How Fleetwood Mac blended tradition and technology on ‘Everywhere’

If it were up to Christine McVie, Fleetwood Mac’s ’80s might have sounded simpler. “I like the traditional sound,” she said A rolling stone in 1984. “Three-part harmonies, guitar and piano. I mean, a well-played guitar is a joy forever.”

But Lindsey Buckingham had a slightly different take on much of the music the band released during the decade, especially in 1987. Tango at night, an album that featured Buckingham’s new favorite toy, the Fairlight CMI synthesizer. The shimmering sound that begins McVie’s “Everywhere,” the only song on the LP credited solely to the keyboardist, is a result of the instrument.

Buckingham also experimented with new recording techniques, sometimes playing tapes at half or double speed to create an artificial sound that could not be easily reproduced. (The intro to “Everywhere” features recordings of acoustic and electric guitars at half speed.) “That’s part of what makes this [album sound] open and airy too,” Greg Dromon, who is an engineer Tango at nightrecalled to Salon in 2017. “When you record something really slow and you speed it up, all the harmonics shift up. You end up with this high end, this little high end that wouldn’t exist [otherwise]. There’s no other way to get it, at least then.”

This desire to push the limits of the tape technique, along with the heavy use of Fairlight, had a downside, as Buckingham’s co-producer, Richard Dashute, noted. “I loved sonically what he was doing. But I started to miss the old live band feel,” he said. “I think Fairlight started to replace some of that human touch, some of the other band members. Lindsey was able to do much more on his own and control it much more artistically.”

That Buckingham controlled most of it Tango at nightThe recording of made sense because the album began life as Buckingham’s solo project. It slowly became a band record as the members got involved. Even though the group doesn’t necessarily work together much of the time, that doesn’t mean the work isn’t done. “Sometimes it’s hard to explain our relationship,” Buckingham told The Los Angeles Times in June 1987, two months after the LP was released.

“There’s a strong, almost psychic connection, but we’re not even real friends [in the sense] that we spend a lot of time together. Most of all, we are a group of people who play well together. We’re not even all in the studio at the same time. The only time we’re a real band is on stage.”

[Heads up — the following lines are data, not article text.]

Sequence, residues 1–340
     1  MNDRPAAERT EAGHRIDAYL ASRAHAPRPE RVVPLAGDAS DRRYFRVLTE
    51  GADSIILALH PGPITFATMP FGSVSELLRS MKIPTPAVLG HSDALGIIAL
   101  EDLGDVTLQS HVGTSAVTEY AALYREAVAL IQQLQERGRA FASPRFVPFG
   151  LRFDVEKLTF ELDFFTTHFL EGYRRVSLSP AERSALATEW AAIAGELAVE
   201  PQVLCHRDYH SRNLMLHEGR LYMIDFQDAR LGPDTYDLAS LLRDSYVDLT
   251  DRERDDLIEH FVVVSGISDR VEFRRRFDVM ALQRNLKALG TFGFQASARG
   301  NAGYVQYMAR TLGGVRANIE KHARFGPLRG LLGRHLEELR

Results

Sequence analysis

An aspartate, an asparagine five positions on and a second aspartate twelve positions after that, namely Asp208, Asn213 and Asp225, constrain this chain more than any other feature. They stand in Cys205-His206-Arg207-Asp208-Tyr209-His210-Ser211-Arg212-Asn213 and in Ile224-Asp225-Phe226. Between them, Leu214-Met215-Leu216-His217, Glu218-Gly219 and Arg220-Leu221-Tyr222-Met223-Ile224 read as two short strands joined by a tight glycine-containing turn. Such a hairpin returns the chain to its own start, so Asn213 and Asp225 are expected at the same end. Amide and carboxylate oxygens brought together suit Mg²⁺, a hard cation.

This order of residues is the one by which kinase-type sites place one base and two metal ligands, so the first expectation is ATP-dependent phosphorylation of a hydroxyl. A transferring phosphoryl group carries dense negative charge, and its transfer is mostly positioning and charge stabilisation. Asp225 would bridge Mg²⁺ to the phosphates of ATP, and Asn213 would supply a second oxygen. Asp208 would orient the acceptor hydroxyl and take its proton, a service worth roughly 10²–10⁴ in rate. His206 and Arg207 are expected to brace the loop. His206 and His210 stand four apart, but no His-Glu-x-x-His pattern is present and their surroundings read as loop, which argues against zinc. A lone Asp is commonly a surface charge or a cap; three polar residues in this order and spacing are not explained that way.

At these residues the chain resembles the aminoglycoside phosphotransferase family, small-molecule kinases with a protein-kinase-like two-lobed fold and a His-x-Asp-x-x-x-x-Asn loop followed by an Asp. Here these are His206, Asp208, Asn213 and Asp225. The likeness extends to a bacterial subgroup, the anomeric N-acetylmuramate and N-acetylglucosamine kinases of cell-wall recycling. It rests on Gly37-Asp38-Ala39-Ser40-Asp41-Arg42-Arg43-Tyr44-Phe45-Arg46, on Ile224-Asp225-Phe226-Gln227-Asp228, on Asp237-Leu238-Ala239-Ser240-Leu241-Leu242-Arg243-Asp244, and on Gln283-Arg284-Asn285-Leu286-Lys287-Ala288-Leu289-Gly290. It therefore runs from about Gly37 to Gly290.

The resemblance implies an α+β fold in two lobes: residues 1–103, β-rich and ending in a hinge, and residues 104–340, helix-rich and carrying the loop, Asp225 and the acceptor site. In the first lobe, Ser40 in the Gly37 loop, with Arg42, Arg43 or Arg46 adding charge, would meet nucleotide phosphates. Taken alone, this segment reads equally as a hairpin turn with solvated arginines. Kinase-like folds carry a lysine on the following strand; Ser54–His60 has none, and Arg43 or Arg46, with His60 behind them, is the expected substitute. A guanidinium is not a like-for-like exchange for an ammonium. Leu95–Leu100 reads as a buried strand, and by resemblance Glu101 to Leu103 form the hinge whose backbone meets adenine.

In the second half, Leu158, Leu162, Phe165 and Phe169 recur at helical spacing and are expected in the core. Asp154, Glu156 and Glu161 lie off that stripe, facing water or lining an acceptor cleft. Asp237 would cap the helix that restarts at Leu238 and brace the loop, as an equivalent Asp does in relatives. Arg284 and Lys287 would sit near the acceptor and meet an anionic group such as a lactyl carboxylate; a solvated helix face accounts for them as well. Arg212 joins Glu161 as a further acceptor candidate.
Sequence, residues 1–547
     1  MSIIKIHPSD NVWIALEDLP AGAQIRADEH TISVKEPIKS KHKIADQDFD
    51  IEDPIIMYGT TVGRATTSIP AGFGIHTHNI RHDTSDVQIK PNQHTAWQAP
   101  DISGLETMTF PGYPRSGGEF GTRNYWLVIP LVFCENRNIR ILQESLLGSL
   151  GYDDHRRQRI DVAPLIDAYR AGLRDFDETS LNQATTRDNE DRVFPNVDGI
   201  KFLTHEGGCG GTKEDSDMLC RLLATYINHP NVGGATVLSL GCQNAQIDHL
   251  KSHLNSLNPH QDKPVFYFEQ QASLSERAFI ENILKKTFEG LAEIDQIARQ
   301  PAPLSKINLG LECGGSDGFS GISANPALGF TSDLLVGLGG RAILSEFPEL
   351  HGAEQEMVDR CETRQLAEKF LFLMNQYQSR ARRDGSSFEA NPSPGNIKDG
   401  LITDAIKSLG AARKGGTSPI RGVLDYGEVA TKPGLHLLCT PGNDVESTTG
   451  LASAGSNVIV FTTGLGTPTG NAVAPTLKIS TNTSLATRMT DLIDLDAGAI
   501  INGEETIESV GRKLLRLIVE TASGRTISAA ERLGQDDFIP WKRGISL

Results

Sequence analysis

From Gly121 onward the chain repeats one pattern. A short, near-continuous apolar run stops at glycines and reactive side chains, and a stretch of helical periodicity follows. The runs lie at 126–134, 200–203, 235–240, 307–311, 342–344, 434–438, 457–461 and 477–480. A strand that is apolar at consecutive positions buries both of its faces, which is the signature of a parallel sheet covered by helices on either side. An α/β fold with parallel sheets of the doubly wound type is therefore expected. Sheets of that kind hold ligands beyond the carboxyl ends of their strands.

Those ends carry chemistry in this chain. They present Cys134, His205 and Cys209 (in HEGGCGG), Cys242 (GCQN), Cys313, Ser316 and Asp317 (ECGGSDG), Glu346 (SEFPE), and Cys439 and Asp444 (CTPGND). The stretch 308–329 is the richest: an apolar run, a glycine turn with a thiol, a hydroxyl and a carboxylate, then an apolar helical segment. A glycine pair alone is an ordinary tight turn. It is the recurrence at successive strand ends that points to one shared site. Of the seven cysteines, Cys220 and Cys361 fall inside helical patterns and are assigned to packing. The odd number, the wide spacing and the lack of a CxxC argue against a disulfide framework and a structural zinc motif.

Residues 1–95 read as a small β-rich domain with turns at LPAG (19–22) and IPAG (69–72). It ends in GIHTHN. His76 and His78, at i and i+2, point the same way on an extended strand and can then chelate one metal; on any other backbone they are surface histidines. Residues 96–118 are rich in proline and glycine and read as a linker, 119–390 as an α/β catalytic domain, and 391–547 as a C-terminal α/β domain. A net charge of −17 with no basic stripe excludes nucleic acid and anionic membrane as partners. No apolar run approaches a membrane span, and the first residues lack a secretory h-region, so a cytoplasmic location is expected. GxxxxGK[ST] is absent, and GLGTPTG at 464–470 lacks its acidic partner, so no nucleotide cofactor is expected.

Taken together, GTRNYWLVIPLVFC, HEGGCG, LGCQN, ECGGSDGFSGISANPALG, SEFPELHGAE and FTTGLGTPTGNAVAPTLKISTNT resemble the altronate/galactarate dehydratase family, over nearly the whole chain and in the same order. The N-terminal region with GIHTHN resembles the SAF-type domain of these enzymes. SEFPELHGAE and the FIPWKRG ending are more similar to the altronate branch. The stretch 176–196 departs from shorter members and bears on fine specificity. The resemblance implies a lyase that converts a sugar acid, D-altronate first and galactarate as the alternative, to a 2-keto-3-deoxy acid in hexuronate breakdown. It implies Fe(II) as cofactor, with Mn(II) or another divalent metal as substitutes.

Even when it came to Buckingham taking the reins on her song, McVeigh had faith in his abilities. “It’s kind of natural leadership. He spends all his time in the studio, and frankly, someone has to,” she said. “It’s not like we’re all sitting around saying, ‘Yes, Lindsey, no, Lindsey.'” We have information. I could [veto] things he does with my songs, but he’s very good at his craft.”

Watch Fleetwood Mac’s “Everywhere” video

McVie’s “Everywhere” is basically a love song. McVeigh had recently married her second husband, keyboardist and songwriter Eddie Quintella, who had several co-writing credits on Tango at night. On “Everywhere,” McVeigh expresses his happiness at this new chapter in his life: “You know I’m falling and I don’t know what to say.”

No one from Fleetwood Mac appeared in the video for “Everywhere”, which was released in November 1987 as the album’s fourth single. Instead, the clip is based on Alfred Noyce’s 1906 poem “The Highwayman,” which tells the story of two lovers who are dying: “Look for me in the moonlight, look at me in the moonlight / I’ll come to you in the moonlight light, though hell must bar the way!”

Eventually, McVeigh found Buckingham’s recording technique just the thing for her simple love song, she recalled in the 2019 documentary. Fleetwood Mac’s Songbird – Christine McVie the moment Buckingham showed her how the song’s intro would come together. “He slowed down the tape, really slow, and played the parts slowly,” she said. “And then when it hit the right speed, it sounded pretty damn amazing.”

Fleetwood Mac Albums Charted

It’s easy to focus on Lindsey Buckingham and Stevie Nicks when looking at a list of Fleetwood Mac albums, but the band’s legacy extends far beyond that.

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